educational applications
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نهى عبد الكريم حسين ◽  
نور أحمد سبانو

The need to diversify educational cloud activities arose due to social distancing, the widening of individual differences between learners, and the need to employ the possibilities offered by cloud education to achieve language goals. This research identifies the perceptions of non-native Arabic language learners towards the cloud-based educational activities based on the entrance of multiple intelligences. The descriptive approach was used, and a questionnaire was designed, consisting of: (Linguistic, Musical, visual- Spatial, Interpersonal, and Interpersonal). The sample consisted of (33) male and female students. The results showed that learners' perceptions are highly positive on all areas of activities. The highest percentage was interpersonal intelligence activities. Also, there are no statistically significant differences due to the sex. The originality of the research presents a vision of the entrance of multiple intelligences; To benefit from its educational applications in teaching Arabic online to non-native speakers, and to keep pace with global trends in the adoption of cloud education and its activities. It is also expected that the results of this research will benefit the following groups: institutions concerned with teaching foreign languages, experts who prepare curricula for teaching Arabic, and teachers of Arabic for non-native speakers.

2022 ◽  
pp. 905-925
Geraldine Bengsch

This chapter considers ways in which educators can create their own educational applications to integrate into their teaching. It is argued that interactive uses of technology can aid student engagement and encourage uptake of skills presented to them. Today, tools available allow everyone to create not only static websites, but also functional applications. It is possible to get started without knowing how to code, empowering anyone with an interest in technology to become a creator. While these no and low code solutions may come with some restrictions, they may encourage users to explore more traditional ways to engage with code and its possibilities for teaching. The chapter aims to encourage readers to look at technology as a creative practice to include into their teaching. It suggests strategies to help readers select the most appropriate tool for their projects.

2022 ◽  
pp. 243-254
Munyaradzi Zhou ◽  
Cyncia Matsika ◽  
Tinashe Gwendolyn Zhou ◽  
Wilfreda I. Chawarura

COVID-19 and future pandemics drastically change the way of life globally. Research has predominantly focused on the use and integration of disruptive technologies in industry and commerce. Little of the recent studies focused on the implementation of artificial intelligence and blockchain technologies in educational applications. The chapter focuses on how these can be implemented, from development, deployment, use, and maintenance of applications. A computer program's lifespan is usually spent during its use. The qualitative case study was administered using a digital learning platform that provides interactive learning for primary and secondary learners. The disruptive technologies inform new teaching methodologies and the development of student-centered algorithms for learning. Further research includes privacy issues in the implementation of disruptive technologies and data-sharing governance issues and evaluating the effectiveness of artificial intelligence and blockchain-based learning platforms.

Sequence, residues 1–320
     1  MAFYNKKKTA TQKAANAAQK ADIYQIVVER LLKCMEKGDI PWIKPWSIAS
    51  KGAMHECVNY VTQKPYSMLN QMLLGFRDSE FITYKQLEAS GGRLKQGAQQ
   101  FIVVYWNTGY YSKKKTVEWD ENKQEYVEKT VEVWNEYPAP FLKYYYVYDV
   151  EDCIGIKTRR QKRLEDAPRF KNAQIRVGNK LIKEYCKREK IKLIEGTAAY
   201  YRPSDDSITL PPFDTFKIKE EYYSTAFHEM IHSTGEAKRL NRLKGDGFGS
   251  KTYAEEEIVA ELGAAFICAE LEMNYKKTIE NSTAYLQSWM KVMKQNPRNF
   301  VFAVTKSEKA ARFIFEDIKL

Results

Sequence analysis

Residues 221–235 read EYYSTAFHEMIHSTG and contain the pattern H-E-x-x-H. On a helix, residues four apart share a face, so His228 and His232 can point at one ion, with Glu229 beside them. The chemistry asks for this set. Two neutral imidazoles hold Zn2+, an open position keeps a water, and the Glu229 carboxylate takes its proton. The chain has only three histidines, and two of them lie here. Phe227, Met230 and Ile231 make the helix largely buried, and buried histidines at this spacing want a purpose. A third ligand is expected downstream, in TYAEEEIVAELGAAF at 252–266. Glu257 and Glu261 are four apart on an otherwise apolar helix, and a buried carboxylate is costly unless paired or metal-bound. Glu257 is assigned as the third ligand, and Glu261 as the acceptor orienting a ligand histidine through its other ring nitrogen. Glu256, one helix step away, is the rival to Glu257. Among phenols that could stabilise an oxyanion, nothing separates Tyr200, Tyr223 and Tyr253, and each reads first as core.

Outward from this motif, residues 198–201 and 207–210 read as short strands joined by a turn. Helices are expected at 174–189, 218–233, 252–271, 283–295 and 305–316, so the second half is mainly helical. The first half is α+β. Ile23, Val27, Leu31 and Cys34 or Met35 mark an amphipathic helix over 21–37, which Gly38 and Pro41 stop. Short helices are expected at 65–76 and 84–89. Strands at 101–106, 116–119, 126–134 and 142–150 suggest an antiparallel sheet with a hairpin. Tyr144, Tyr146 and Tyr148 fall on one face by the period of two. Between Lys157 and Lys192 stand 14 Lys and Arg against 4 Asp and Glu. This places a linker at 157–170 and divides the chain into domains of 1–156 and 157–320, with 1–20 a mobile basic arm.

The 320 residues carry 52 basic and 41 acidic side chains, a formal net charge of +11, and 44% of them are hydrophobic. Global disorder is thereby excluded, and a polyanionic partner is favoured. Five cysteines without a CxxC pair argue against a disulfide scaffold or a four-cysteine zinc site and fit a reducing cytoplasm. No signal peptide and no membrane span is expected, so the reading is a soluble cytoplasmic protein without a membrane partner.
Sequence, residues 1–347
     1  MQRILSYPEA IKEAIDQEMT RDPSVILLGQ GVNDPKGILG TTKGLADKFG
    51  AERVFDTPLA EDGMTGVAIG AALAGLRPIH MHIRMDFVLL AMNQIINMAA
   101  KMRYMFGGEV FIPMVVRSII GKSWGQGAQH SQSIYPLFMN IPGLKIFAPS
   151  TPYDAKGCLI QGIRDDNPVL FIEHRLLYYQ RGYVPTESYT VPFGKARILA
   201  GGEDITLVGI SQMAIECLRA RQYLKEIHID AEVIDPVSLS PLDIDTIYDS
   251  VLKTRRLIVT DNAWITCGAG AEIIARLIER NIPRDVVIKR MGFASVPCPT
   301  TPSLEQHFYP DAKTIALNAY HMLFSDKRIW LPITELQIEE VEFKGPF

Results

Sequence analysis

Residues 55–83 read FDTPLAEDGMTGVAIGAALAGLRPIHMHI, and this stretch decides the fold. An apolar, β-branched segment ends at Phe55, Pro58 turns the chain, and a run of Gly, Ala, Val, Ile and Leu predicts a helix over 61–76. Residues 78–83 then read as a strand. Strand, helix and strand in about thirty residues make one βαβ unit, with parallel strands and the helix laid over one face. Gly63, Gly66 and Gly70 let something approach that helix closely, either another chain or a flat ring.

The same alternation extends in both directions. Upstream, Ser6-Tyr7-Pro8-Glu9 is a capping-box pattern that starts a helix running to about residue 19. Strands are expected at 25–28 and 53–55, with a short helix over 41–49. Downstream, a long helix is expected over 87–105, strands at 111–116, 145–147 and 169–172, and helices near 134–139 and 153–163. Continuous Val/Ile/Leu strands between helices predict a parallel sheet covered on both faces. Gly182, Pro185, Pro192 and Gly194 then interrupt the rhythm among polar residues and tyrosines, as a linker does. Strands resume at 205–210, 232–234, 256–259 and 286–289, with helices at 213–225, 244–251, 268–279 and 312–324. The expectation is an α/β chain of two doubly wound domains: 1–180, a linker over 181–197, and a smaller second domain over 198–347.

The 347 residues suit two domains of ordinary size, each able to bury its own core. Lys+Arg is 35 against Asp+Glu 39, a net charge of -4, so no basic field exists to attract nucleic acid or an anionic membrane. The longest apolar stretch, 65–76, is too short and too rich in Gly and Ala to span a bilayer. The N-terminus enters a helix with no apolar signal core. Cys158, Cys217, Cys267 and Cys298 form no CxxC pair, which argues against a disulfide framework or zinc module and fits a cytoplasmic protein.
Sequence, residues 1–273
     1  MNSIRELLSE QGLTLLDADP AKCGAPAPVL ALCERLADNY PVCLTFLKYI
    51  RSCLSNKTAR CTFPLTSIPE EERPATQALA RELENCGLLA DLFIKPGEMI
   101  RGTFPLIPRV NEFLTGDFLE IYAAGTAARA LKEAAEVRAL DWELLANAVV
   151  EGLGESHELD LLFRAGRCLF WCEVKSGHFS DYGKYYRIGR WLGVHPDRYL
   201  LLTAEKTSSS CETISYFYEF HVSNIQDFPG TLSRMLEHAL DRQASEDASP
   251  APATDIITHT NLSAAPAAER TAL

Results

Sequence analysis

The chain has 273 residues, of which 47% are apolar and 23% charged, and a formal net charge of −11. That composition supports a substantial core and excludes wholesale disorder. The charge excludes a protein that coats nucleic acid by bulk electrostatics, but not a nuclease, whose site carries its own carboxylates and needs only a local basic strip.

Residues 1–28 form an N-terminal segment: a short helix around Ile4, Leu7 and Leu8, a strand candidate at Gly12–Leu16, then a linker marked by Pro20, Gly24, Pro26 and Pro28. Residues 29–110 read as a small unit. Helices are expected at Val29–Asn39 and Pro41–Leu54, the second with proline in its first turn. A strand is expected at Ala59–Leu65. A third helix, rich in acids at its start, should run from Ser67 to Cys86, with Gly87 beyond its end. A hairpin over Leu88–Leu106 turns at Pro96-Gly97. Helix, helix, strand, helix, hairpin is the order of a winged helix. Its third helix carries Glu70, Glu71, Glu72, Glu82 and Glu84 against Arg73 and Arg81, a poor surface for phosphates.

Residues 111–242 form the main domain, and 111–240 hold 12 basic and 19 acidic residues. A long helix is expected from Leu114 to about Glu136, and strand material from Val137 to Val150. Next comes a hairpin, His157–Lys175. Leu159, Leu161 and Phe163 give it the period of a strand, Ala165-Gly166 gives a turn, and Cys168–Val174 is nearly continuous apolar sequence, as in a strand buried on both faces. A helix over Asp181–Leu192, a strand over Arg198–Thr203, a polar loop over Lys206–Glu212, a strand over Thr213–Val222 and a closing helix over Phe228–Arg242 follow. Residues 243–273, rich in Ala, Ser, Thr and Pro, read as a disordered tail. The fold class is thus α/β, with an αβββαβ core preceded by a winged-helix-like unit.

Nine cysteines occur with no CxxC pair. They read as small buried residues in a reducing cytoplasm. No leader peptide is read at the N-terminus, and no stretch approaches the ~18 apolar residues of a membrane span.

2022 ◽  
pp. 1-13
Ricardo Alexandre Peixoto de Queiros ◽  
Mário Pinto ◽  
Alberto Simões ◽  
Carlos Filipe Portela

Computer science education has always been a challenging topic for both sides of the trench: educators and learners. Nowadays, with the pandemic state that we are facing, these challenges are even greater, leading educators to look for strategies that promote effective virtual learning. One of such strategies includes the use of game mechanics to improve student engagement and motivation. This design strategy is typically called gamification. Nowadays, gamification is being seen as the solution to solve most of the issues related to demotivation, complexity, or tedious tasks. In the latest years, we saw thousands of educational applications being created with gamification in mind. Nevertheless, this has been an unsustainable growth with ad hoc designs and implementations of educational gamified applications, hampering interoperability and the reuse of good practices. This chapter presents a systematic study on gamification standardization aiming to characterize the status of the field, namely describing existing frameworks, languages, services, and platforms.

2022 ◽  
pp. 1058-1081
Jaime Muñoz-Arteaga

Reading is an important competency to be developed for children in the first years of elementary school. Reading becomes a mechanism that allows the children to interact with the world and identify their characteristics. Dyslexia is one learning disability frequently manifested in elementary school, and to identify it, teachers require extra educative resources, in particular educational applications. This work proposes a process model to design and develop educational applications considering the learning needs of children with dyslexia. It involves a user-centered approach because different perceptions of several actors are considered. The performance of the proposed model is explored in a case study and an evaluation, taking into account usability and accessibility factors.